x x x the investigating justice finds it necessary to deal on another matter which the respondent judge himself testified on. The reception of evidence for Spec. Proc. No. R-936 was performed by Ms. Aguirre. Although the fact that Ms. Aguirre was the former wife of the petitioner, this fact alone should be considered unprocedural. However, what the investigating justice finds disturbing is that Ms. Aguirre was not the OIC Branch Clerk of Court of Branch 46 but rather she was the OIC Clerk of Court. Respondent judge explained that his OIC Branch Clerk of Court Asuncion Pabellano was busy, hence, unable to conduct the ex-parte reception of evidence. Under the circumstances what respondent judge should have done was to dispense with the ex-parte reception of evidence and to conduct the hearing himself instead of appointing the OIC Clerk of Court. This would have avoided any appearance of partiality. However, the undersigned does not find this infraction grave enough to warrant a severe penalty. Considering that respondent had already filed his application for optional retirement and only to stress that all judges should at all times be circumspect especially in their official functions, the investigating justice deems it appropriate to recommend the imposition of a fine of P5,000.00 on respondent judge.[8]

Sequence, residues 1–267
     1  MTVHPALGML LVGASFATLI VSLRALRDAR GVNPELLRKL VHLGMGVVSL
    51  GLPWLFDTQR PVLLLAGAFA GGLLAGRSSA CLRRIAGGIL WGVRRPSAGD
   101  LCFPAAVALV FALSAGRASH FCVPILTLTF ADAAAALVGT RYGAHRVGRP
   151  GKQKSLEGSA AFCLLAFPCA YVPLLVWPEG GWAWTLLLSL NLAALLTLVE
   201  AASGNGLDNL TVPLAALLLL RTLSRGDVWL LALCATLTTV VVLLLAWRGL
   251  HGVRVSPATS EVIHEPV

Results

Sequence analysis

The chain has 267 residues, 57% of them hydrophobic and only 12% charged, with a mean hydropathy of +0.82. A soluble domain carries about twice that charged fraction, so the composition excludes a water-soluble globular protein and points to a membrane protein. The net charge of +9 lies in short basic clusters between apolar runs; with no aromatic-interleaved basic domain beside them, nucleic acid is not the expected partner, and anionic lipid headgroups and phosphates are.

Justice Reyes then recommended that:
x x x the complaint against respondent Judge Ernesto P. Pagayatan be DISMISSED. However, in view of the finding that Judge Pagayatan failed to prevent any appearance of impartiality on his part, it is recommended that he be FINED in the amount of P5,000.00.[9]
The Court agrees with the report of the Investigating Justice but finds that the recommended fine should be modified.